European ministers swing and miss against tax havens
In response to the proposal presented today by the finance ministers of France, Germany, Italy, Spain, and the United Kingdom, and supported by the International Monetary Fund and the Organization for Economic Cooperation and Development, Oxfam’s tax policy expert Susana Ruiz said:
“Today’s so-called ‘hammer blow’ against tax cheats misses its mark. If the proposed registry of beneficial owners of companies and trusts is hidden from the public, how can we know who is hiding their profits and fortunes and trying to avoid paying their fair share?
“The Panama Papers have shown how massive, widespread and toxic the abuse of tax havens really is. Those who pay the price are the poorest; when taxes aren’t paid and government budgets get squeezed, Oxfam has seen that it’s often social programs that the most vulnerable depend on that get cut first. National governments and global institutions need to regain the public’s trust. This requires real transparency and a serious international commitment by all countries.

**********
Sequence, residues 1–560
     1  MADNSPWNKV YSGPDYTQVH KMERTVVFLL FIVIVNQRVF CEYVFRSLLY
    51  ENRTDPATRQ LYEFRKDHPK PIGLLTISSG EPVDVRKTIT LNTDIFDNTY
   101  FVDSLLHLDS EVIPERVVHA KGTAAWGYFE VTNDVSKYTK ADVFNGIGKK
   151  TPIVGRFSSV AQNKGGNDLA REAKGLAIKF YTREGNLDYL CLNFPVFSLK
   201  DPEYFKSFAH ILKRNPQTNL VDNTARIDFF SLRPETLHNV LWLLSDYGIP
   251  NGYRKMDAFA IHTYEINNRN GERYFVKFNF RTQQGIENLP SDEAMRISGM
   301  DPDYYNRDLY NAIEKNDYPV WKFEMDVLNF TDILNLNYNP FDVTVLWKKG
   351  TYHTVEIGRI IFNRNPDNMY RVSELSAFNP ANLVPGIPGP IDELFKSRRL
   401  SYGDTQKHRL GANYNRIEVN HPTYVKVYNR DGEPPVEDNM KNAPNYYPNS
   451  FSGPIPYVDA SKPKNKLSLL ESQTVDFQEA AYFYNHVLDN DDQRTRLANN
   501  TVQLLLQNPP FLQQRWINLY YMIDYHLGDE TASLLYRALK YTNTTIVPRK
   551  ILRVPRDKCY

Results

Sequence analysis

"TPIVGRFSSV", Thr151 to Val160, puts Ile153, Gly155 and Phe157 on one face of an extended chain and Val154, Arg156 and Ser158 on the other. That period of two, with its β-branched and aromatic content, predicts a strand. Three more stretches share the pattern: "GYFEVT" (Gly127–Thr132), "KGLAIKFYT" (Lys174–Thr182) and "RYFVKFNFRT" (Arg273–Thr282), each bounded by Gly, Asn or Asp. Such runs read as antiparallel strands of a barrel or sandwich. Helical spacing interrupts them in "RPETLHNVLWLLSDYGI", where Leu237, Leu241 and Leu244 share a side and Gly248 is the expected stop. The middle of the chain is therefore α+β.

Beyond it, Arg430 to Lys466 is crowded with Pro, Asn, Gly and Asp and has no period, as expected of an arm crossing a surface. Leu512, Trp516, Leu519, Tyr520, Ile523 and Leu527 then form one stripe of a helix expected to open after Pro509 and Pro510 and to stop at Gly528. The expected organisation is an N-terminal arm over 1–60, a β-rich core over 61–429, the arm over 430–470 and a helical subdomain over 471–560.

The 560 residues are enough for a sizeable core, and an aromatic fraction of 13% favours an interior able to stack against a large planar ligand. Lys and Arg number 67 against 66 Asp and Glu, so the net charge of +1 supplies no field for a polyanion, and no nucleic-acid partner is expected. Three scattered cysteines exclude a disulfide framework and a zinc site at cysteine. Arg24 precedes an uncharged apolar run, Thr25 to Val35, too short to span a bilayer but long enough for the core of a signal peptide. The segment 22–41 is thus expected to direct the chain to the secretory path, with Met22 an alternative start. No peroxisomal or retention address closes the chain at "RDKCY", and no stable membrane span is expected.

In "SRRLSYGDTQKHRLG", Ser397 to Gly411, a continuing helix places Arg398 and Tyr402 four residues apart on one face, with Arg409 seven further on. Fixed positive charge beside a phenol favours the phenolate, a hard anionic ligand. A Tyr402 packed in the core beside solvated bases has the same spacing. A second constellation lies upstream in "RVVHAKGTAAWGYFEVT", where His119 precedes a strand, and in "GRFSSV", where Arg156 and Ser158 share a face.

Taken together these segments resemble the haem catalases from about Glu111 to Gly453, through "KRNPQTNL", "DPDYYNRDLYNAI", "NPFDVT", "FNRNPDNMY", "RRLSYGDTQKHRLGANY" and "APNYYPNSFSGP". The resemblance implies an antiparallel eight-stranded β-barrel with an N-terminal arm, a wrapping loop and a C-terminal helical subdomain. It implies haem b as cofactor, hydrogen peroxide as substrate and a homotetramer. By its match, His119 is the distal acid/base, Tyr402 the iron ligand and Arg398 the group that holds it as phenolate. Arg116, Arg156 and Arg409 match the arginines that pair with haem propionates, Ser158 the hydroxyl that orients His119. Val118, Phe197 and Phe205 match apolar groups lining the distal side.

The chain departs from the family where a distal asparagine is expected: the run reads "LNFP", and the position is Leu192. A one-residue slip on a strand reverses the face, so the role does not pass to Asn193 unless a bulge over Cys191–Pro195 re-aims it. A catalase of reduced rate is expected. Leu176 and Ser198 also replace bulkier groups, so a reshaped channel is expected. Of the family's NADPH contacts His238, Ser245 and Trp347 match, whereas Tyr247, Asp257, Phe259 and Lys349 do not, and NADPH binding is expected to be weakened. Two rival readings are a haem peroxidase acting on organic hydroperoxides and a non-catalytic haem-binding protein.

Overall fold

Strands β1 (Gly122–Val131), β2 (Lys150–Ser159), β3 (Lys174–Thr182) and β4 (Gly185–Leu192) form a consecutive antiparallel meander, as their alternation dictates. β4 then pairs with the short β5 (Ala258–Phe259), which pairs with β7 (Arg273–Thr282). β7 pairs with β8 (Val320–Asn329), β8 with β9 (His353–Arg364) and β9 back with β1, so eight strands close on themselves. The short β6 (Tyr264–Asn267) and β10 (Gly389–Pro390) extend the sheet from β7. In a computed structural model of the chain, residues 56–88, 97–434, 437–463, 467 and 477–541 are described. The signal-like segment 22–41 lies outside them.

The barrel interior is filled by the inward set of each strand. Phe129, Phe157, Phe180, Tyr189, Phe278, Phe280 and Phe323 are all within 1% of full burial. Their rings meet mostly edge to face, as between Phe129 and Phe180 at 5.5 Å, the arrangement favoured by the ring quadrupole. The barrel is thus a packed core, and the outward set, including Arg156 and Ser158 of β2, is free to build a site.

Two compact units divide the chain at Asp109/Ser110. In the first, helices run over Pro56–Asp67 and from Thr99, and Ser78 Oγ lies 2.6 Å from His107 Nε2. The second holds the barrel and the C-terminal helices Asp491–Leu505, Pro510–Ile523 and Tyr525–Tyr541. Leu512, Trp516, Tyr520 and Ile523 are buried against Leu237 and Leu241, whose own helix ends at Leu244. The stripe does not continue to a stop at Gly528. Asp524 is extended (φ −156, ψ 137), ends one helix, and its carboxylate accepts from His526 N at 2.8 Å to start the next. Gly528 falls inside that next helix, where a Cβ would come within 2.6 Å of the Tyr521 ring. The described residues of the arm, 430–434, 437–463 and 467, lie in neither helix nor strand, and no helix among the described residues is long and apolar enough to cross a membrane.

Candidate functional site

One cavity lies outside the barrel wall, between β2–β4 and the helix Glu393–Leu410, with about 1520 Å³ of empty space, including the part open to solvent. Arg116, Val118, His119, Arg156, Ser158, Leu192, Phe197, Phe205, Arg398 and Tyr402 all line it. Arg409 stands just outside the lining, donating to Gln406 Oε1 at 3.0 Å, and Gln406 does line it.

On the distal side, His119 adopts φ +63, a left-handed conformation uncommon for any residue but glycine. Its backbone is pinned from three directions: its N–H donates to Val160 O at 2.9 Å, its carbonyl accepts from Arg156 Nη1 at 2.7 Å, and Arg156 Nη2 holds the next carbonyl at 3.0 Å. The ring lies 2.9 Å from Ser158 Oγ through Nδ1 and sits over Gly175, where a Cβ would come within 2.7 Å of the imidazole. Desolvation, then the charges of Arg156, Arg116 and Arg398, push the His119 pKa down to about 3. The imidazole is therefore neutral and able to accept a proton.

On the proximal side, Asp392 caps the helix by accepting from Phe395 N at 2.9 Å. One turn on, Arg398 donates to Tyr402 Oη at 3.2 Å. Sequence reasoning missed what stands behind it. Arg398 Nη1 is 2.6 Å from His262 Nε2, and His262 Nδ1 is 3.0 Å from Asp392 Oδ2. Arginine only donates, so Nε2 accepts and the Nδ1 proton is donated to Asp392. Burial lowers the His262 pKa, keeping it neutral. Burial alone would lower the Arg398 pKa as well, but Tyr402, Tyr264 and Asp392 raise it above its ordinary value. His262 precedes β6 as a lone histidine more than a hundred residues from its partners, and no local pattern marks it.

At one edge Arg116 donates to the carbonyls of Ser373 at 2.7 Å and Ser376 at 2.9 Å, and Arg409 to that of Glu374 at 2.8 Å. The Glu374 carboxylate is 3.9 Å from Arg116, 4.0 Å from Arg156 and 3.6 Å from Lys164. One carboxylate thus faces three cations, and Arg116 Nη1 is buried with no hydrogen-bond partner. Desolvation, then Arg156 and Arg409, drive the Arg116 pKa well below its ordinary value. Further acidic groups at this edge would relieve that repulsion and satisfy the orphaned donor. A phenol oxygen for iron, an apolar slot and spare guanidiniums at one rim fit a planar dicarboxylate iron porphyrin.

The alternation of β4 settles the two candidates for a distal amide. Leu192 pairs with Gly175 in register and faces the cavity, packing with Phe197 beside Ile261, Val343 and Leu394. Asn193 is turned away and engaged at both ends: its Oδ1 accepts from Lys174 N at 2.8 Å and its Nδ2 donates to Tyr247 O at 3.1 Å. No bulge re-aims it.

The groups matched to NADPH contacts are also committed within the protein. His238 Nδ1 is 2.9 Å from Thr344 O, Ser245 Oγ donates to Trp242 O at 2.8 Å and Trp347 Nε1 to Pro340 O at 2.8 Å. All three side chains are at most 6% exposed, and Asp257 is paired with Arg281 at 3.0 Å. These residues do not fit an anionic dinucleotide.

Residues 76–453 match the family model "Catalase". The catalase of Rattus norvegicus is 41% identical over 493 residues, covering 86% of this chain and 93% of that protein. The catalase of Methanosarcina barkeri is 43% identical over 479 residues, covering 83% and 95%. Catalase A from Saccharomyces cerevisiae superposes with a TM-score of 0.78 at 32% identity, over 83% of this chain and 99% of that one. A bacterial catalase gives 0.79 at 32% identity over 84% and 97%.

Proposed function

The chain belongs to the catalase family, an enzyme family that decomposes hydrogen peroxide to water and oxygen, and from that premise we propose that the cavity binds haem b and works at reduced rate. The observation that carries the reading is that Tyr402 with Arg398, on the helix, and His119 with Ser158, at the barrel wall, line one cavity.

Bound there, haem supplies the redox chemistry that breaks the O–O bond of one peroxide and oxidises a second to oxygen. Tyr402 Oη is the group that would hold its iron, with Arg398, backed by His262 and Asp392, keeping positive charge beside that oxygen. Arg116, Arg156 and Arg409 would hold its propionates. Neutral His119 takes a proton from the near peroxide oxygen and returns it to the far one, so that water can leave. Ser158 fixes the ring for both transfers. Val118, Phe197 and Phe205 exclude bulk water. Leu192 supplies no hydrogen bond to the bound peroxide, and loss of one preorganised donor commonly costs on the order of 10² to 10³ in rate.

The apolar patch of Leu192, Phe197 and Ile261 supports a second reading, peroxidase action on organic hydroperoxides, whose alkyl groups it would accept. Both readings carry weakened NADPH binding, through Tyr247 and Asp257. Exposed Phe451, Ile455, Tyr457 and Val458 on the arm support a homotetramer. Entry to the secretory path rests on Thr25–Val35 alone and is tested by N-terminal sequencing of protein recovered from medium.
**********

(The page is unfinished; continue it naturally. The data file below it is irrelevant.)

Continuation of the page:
“Making Panama the villain will not fix the problem. Without an international, coordinated approach to this problem, the billions hidden in one will simply be moved to another. We can’t wait for these kinds of plans ‘catch fire’ and spread to other countries on their own. Now more than ever, we see the need for a global tax body, where all countries are involved in setting the rules, otherwise, some countries will slip away and the pattern will repeat itself.”
Oxfam experts on a range of issues including tax, gender inequality, and land and environmental safeguards, will be available for interviews and briefings.
Winnie Byanyima, Executive Director of Oxfam International will be in Washington and available for interview.
Simon Hernandez-Arthur in Washington, D.C.
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